Definition 2.6. Let and . The generalized convolution of and is defined by the following: where is the Hankel translation, which is given by relation (2.15).

Proposition 2.7. Let and ; then for all , we have

Proof. For and , we have that belongs to (the space of even infinitely differentiable function on ) and increase slowly.
Thus , and we have This proves the relation (2.21) on the left.
On the other hand, We complete the proof of the relation (2.21) on the right by the same way as the relation on the left.

Remark 2.8. Since the space is a dense subset of and it is easy to verify that ,, and are all continuous maps from to , thus, the identities in (2.21) extend to be valid for all .

#### 3. Weighted Inequalities for Hankel Transforms

Let denote the nonnegative, extended real-valued function on the measure space . We say that a map has a formal adjoint provided for all .

Let and a map have formal adjoint. Fix a weight . For each , we define Note that by our convention, when , even if .

Proposition 3.1. If , almost everywhere, and , almost everywhere then for all .

This result is a special case ( and ) of Theorem  2.1 in [7].

The next result may be deduced from the last by duality argument. It is also a special case of Theorem  3.1 of [6]. Again note that when .

Proposition 3.2. Suppose has a formal adjoint , and with . Set Then for all .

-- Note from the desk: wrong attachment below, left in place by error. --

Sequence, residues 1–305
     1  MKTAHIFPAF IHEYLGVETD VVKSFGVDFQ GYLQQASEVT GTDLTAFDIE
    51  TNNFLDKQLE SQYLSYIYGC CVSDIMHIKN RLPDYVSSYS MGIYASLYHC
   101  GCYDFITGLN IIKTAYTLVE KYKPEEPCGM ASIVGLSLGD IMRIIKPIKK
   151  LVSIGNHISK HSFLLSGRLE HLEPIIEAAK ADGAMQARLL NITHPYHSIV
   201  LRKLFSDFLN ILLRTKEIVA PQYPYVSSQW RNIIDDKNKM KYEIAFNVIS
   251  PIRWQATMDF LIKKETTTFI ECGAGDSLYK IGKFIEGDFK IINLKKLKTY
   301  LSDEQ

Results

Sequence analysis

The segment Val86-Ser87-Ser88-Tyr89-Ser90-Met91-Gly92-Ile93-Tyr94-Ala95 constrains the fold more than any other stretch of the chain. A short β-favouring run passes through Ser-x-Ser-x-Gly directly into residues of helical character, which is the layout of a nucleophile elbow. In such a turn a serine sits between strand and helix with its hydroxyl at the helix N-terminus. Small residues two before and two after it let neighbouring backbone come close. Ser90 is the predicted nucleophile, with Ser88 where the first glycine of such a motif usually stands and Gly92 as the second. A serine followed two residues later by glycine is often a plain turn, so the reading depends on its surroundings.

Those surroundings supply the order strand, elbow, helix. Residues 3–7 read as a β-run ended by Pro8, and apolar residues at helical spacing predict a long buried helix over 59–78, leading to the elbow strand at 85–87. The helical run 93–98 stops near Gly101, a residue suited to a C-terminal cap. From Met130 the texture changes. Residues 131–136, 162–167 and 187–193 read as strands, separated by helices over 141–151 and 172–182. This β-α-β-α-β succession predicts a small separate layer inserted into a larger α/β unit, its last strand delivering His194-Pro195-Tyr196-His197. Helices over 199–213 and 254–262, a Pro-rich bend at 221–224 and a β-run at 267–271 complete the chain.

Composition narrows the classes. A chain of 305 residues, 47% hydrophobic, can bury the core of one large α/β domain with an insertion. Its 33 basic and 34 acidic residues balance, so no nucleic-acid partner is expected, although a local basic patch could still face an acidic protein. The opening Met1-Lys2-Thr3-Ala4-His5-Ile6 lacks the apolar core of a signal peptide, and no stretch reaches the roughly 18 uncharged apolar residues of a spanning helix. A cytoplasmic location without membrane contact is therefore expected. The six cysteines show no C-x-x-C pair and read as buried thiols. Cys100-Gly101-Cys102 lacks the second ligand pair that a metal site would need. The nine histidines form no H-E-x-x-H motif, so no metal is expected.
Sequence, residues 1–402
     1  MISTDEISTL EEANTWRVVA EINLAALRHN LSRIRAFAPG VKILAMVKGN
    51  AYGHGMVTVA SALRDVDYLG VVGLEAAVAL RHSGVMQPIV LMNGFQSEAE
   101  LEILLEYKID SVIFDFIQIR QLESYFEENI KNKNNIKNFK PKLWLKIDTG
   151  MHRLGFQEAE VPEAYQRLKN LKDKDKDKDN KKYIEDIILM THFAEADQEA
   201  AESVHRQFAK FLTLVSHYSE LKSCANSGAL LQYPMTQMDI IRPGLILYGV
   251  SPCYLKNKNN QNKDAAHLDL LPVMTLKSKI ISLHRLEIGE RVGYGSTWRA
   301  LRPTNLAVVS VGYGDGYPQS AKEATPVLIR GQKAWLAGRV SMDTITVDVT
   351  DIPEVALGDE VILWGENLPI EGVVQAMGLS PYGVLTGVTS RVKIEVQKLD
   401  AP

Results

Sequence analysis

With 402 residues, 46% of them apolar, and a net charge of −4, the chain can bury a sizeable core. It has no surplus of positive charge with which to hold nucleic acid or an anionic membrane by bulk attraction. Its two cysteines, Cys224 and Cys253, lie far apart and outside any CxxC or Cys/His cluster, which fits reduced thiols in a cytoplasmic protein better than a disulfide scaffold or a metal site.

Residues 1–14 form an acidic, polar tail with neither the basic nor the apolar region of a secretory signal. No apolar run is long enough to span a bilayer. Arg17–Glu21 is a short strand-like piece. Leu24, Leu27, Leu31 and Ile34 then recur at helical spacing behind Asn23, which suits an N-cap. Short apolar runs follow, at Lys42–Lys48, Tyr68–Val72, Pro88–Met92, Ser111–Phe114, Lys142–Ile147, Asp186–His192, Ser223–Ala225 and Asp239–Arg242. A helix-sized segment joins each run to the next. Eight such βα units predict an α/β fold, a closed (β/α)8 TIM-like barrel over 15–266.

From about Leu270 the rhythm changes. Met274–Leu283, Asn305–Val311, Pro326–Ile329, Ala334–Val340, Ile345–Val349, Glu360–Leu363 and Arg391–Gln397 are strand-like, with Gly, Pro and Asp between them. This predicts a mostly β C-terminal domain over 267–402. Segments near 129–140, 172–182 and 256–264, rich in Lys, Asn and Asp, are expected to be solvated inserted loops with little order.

Observe that if , then the formulas for the constants given in these propositions may take useful alternative forms. In the first, so In the second, so

Let be finite complex-valued Borel measure on and denote its absolute value. Then The fact that allows us to get that the Hankel transform of defined by is continuous for and that where Furthermore, the bounded function has a Hankel transform in the distributional sense and Moreover, if is real measurable function on and a finite complex-valued Borel measure on , we formally set where is the Hankel translation given by relation (2.15). If , then is defined in , and if , the integral (3.15) is defined in .

For a finite complex-valued Borel measure on , define the positive operator for all.

Thus, if , the convolution operator is well defined and we have

Proposition 3.3. For a finite complex-valued Borel measure on , the positive operator defined by relation (3.16) is autoadjoint. That is, has a formal adjoint operator and

Proof. If , then by using properties of the kernel and by applying Fubini Tonelli argument we have This completes the proof.

Before introducing any technical details, we give sketch of the argument behind the main following theorem. We suppose that the following Hankel inequality: for all is known to be valid for some fixed , and . For each appropriate function , define , where and are finite, complexe-valued Borel measures on .